The Hungarian “umbrella package”

In 1995 we had the "Bokros package," named after the newly appointed minister of finance, Lajos Bokros. The prime minister at the time, Gyula Horn, was most reluctant to introduce the absolutely unavoidable austerity program that meant a drop in real wages of about 17%. The "Bokros package," although painful in the short run, resulted in healthy economic growth from 1997 until about 2000 when the Orbán government started the usual irresponsible spending because of the approaching elections. Although the government spent a lot of money trying to buy votes, Viktor Orbán and his party lost the election. Fidesz was not the only party to offer all sorts of goodies to the electorate. The other side, the socialists, did the same, and Péter Medgyessy, the new prime minister, made the mistake of actually fulfilling his extravagant promises. Not like Orbán in 1998 who promised all sorts of things before the elections but prudently didn't pony up.

As a result of misguided fiscal policy between 2000 and 2006 both the national debt and the budget deficit became unbearably high. In 2004 Hungary became a member of the European Union and therefore was no longer free to pursue irresponsible fiscal behavior. Hungary had to come up with a timetable for its deficit reduction program in order to receive financial assistance from the EU. It was obvious that a new "package" was needed. Unfortunately, this package was named the "Gyurcsány package." Not the best advertisement for an already beleaguered prime minister. Gyurcsány and his economic advisers figured that an austerity program at the beginning of the government's tenure would bring positive results by the time of the elections in 2010. The improved economic situation should benefit the government in power. Well, it didn't work out that way, and now we have the "umbrella package." At least this is the name the newly proposed austerity program got today.

The proposed "umbrella package" was devised in part to meet IMF requirements for Hungary to access its lending facility. The Hungarian government has promises of standby credit from the European Central Bank and the International Monetary Fund. The IMF credit (possibly 12.5 billion dollars) has strings attached. According to newspaper reports, Hungary must reduce its expenses by at least 300 billion forints. If that is the case, the Hungarian "sacrifice" is not overwhelming, especially if we recall that some Hungarian economists, among them the venerated Lajos Bokros, were talking about cutting 1,000 billion forints from the budget.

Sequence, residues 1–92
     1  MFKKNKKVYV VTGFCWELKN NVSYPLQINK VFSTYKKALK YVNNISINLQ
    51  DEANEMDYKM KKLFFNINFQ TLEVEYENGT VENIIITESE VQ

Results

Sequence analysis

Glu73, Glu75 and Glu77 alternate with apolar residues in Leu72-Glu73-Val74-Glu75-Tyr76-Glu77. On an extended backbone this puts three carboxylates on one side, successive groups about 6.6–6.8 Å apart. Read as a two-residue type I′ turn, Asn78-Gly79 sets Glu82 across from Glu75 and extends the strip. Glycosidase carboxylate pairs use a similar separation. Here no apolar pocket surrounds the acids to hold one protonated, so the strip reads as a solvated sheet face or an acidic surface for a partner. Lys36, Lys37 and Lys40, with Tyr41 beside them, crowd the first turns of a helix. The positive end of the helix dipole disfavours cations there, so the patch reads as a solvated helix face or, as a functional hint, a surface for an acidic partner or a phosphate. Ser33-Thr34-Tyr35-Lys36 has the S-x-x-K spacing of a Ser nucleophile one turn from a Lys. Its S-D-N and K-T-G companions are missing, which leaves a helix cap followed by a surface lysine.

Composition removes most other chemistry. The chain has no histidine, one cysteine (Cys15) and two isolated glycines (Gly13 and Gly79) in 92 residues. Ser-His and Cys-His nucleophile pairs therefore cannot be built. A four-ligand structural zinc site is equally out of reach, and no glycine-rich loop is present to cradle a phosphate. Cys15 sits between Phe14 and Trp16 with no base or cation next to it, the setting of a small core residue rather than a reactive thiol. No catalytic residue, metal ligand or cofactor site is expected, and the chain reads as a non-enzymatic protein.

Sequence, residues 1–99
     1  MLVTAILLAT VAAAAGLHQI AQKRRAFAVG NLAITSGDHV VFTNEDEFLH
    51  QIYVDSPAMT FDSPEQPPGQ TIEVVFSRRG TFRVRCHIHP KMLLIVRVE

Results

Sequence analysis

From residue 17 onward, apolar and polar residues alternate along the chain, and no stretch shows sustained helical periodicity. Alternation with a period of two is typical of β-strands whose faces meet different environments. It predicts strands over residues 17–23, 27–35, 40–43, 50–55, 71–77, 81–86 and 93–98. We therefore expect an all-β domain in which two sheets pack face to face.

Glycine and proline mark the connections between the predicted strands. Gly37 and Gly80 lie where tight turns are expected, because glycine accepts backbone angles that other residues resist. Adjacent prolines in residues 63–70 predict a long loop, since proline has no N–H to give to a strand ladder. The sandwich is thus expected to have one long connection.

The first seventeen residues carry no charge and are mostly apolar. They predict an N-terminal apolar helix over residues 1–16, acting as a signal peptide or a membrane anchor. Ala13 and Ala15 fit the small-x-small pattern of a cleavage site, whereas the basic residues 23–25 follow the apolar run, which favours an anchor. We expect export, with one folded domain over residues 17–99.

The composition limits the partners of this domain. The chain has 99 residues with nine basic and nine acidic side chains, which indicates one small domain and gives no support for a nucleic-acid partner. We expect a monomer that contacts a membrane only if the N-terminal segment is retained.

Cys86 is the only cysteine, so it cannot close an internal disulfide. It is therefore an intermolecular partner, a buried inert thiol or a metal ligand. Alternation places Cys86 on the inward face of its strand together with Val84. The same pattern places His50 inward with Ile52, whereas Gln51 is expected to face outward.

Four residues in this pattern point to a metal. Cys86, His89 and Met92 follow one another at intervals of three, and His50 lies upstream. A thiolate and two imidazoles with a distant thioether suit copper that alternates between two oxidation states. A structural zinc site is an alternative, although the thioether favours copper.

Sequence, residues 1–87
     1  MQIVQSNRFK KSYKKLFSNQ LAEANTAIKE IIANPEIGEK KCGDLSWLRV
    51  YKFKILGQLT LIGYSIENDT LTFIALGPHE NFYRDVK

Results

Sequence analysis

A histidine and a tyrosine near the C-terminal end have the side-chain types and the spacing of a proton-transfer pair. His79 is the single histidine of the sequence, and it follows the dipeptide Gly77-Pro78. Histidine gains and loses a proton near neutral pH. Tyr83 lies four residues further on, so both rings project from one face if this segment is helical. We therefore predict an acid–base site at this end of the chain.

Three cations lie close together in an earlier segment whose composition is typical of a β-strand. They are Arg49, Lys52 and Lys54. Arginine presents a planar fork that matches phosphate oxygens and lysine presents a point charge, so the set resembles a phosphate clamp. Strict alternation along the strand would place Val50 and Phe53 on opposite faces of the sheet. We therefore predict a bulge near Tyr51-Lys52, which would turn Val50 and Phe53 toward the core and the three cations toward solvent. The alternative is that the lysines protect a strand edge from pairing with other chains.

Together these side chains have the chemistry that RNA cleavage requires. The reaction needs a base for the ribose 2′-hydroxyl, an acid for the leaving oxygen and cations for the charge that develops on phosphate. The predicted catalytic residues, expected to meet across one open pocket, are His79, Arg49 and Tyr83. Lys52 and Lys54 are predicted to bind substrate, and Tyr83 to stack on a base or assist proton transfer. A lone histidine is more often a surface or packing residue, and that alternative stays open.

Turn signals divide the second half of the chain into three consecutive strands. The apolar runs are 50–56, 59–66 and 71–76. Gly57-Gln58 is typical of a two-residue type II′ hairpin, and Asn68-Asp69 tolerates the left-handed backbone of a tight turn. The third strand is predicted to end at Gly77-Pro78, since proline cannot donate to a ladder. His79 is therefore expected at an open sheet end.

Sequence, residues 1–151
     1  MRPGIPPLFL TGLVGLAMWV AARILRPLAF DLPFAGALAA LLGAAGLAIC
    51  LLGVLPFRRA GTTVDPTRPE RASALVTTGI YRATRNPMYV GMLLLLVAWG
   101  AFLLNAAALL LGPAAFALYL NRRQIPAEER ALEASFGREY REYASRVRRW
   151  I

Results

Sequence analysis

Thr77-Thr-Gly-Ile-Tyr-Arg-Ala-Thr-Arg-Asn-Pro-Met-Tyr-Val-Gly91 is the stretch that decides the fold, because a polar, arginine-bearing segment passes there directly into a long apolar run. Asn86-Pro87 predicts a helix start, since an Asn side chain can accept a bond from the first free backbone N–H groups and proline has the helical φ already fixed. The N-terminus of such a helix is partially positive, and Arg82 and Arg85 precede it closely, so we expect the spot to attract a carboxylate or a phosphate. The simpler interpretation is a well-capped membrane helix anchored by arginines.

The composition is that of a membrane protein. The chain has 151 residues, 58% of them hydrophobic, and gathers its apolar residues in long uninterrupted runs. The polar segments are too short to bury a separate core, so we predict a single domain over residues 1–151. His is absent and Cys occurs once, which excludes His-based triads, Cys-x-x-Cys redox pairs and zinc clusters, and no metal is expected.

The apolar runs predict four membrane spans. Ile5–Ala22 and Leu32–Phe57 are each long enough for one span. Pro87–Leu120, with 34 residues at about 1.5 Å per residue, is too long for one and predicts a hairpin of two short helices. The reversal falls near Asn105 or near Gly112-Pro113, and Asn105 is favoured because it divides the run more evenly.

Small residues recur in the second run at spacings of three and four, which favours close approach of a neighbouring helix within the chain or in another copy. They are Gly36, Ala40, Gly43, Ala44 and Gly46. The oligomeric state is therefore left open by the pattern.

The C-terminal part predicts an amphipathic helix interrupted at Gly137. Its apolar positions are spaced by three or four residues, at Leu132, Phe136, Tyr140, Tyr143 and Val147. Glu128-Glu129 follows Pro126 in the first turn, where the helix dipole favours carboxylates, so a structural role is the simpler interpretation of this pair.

The announcement of the IMF rescue package bolstered investor sentiment. Today the Budapest stock exchange soared 9 percent. The forint has also become considerably stronger, presumably at least in part as a result of the recent interest rate increase by the central bank.

Fidesz and the Christian Democrats have very serious reservations about the IMF loan. After all, what a terrible fate. Hungary in the same company with Ukraine and Pakistan? A country that belongs to the European Union? It was a huge mistake, according to them, to even contemplate IMF help. Instead, Lajos Kósa of Fidesz suggested that the prime minister resign. Unless this happens, Fidesz will not cooperate with the government. Crisis or no crisis. It is very unlikely that Gyurcsány will listen to Kósa especially since it seems that SZDSZ and MDF will cooperate with MSZP, and therefore there will be plenty of votes to pass the "umbrella package."

So what's contained in this "umbrella package"?

(1) They will freeze the salaries of all ministers and undersecretaries. The salaries of board members in state-owned companies will be reduced by 10%. Managers of state companies will not get year-end bonuses. There will be new furniture purchases for government offices.

(2) Salaries of civil servants and state employees (doctors and teachers, for example) will be frozen at their nominal value in 2009 and they will not receive the customary extra month salary.

(3) With great reluctance the government will also make some adjustments in pensions. Although MDF wanted to suspend the extra month payment across the board, the government made only a modest cut. People who receive pensions but who have not yet reached the official retirement age (62) will not receive the extra month payment. People with higher than average pensions will receive the extra month's pension but it will be capped at the value of the average pension, which is 80,000 Ft.

Otherwise, the ministry of finance based its calculations on what it considers the worst possible scenario: a negative print on the GDP of 2% and a 2.6% budget deficit.

Of course, these are only the government's suggestions. What will come of the package depends on further negotiations. As things stand now, I don't think that one can count on the assistance of Fidesz and the Christian Democrats; it is not in their interest to lend a helping hand to the MSZP government. They simply say that this whole mess is the government's fault and that the government will have to solve the problem it created. But they are against any of the cuts suggested by the government. They stick with their idea that the best way of handling the situation is to introduce massive tax cuts. I don't think that I have to emphasize the absurdity of this suggestion.